Kate then seems to try and say something about homosexuality, but, I admit, her point there is lost on me. It might be something along the lines of, “people who identify as non-straight sometimes have children, so there’s nothing to see here”, but I’ll admit that I’m having a hard time following what she’s trying to say, much less what the relevance would be. Round four, unsurprisingly, isn’t going to Kate.

Round 5: Just because [it's currently adaptive, that doesn't mean it previously was]

The only point I really want to make here is noting that Kate gets the definition of the environment of evolutionary adaptedness (EEA) dead wrong. As anyone familiar with this concept, or the primer on the subject, can tell you, the EEA is not a time or a place (much less on a savannah where everyone lived happily, as Kate seems to think it is), but the statistical aggregate of selective forces that shaped an adaptation. Thus, the EEA for language is different from the EEA for mate preference which is different still from the EEA for hands. I suppose I could also mention that every evolutionary psychologists knows that people do some things today – like wear heels and use hormonal birth control – that they used to not do during our evolutionary history, but, at this point, it seems to be so blindingly obvious to anyone that it hardly seems worth repeating. Final round goes to stereotype confirmation.

“I don’t understand your position, yet remain convinced you’re wrong!”

Now I would love to be the good, progressive scientist that Kate wants me to be and disconfirm the stereotype that evolutionary psychology’s critics are ignorant of the field they’re criticizing, but it’s difficult to do so when she, like so many others, confirms that stereotype. Of the concerns she lists, a collective none of them deal with the theoretical foundations of the field, the first two have more to do with research methodology than evolutionary psychology specifically (and even those two don’t paint evolutionary psychologists in a particularly bad light), and the remaining ones get basic definitions wrong while simultaneously misrepresenting the researchers in the field as being unsophisticated. Now, in all fairness to Kate, she does mention that she’s talking about what she thinks bad evolutionary psychology is, but it’s not clear to me that she has a solid enough grasp of the field to be making those kinds of pronouncements in the first place (not to mention she waivers back and forth between using that qualifier and dropping it, writing about evolutionary psychology as a whole). I also really don’t appreciate her insinuation that our field does politically-motivated research with the intent of keeping LBGT folks second-class citizens at the end either (which, by the way, we don’t; Tybur, Miller, & Gangestad, 2007), but at least she’s upfront about her biases, no matter how incorrect they happen to be.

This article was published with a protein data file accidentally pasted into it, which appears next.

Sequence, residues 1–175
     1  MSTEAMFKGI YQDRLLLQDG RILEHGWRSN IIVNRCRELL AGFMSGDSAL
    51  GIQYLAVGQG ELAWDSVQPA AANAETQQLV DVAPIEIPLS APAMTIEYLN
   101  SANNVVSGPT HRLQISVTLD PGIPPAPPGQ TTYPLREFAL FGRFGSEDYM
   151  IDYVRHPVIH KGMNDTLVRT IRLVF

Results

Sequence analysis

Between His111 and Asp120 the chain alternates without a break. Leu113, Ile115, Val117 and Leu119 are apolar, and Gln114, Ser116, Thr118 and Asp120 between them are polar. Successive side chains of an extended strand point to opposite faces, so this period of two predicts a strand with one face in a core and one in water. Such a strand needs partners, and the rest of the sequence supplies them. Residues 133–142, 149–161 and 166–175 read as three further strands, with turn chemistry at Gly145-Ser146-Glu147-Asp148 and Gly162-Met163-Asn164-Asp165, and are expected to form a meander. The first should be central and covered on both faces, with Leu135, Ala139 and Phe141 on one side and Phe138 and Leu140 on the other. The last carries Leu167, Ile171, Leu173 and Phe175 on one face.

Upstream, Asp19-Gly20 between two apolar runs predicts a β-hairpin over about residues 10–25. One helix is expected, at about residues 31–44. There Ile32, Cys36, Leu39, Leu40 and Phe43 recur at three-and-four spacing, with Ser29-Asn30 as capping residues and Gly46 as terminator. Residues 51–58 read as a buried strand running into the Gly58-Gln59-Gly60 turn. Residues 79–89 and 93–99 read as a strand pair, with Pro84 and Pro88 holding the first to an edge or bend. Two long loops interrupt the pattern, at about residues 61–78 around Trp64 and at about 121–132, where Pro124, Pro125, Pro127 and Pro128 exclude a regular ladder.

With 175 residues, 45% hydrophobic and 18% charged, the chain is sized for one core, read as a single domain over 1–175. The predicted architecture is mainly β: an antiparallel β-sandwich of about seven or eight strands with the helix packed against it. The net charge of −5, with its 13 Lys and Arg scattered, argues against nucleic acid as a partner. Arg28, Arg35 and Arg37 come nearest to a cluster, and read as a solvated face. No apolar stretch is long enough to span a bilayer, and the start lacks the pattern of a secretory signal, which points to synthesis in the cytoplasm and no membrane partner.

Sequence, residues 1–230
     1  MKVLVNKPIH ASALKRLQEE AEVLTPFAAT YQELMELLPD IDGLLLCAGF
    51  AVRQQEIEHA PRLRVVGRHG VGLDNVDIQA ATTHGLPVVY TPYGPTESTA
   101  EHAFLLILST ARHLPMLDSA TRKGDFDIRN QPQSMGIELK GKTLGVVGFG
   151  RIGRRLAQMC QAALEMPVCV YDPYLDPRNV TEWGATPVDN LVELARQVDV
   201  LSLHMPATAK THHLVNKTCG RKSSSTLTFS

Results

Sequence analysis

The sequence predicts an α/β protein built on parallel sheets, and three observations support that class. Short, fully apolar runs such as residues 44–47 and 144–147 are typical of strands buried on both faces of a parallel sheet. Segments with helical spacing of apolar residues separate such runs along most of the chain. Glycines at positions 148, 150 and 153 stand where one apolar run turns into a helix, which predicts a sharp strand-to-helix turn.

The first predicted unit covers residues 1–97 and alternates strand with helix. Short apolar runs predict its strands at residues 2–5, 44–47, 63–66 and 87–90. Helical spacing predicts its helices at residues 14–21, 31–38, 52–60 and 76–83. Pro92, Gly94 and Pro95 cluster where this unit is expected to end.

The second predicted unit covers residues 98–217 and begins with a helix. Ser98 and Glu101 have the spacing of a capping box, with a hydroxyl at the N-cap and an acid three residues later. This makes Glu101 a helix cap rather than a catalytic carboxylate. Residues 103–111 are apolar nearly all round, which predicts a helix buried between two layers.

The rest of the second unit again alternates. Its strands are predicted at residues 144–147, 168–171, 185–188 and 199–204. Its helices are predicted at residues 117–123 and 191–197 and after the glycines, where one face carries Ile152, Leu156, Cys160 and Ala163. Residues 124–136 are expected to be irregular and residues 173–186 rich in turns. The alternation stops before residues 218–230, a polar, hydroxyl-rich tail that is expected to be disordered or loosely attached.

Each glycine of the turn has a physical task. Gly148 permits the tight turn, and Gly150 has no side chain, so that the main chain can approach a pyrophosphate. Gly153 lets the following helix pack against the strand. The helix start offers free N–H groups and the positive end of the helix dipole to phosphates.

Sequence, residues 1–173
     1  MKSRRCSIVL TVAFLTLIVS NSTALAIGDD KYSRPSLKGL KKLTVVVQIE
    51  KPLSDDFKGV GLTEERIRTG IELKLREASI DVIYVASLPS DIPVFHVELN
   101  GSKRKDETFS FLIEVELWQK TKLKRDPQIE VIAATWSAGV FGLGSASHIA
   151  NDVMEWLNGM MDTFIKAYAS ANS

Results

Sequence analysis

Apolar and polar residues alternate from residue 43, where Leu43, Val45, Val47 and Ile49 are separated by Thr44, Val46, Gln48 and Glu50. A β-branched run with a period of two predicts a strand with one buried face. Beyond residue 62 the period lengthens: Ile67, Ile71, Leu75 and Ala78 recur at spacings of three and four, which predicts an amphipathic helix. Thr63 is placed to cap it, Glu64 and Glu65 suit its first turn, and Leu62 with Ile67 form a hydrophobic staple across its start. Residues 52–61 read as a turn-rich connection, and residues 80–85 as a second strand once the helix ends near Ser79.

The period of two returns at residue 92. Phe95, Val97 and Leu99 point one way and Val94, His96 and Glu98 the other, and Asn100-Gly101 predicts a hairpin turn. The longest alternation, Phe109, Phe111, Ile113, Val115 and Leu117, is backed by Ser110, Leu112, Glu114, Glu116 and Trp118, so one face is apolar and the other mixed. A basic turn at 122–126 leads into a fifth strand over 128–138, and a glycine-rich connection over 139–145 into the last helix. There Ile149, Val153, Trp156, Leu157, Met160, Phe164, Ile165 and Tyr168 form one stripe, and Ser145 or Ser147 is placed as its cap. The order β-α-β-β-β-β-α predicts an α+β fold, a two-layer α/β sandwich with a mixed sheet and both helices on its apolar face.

References: Tybur, J., Miller, G., & Gangestad, S. (2007). Testing the controversy: An empirical examination of adaptationists’ attitudes towards politics and science. Human Nature, 18 (4), 313-328 DOI: 10.1007/s12110-007-9024-y

Should You Give A Damn About Your Reputation (Part 2)

In my last post, I outlined a number of theoretical problems that stand in the way of reputation being a substantial force for maintaining cooperation via indirect reciprocity. Just to recap them quickly: (1) reputational information is unlikely to be spread much via direct observation, (2) when it is spread, it’s most likely to flow towards people who already have a substantial amount of direct interactions with the bearer of the reputation, and (3) reputational information, whether observed visually or transmitted through language, might often be inaccurate (due to manipulation or misperception) or non-diagnostic of an individual’s future behavior, either in general or towards the observer. Now all of this is not to say that reputational information would be entirely useless in predicting the future behavior of others; just that it seems to be an unlikely force for sustaining cooperation in reality, despite what some philosophical intuitions written in the language of math might say. My goal today is to try and rescue reputation as a force to be reckoned with.

In all fairness, I did only say that I would try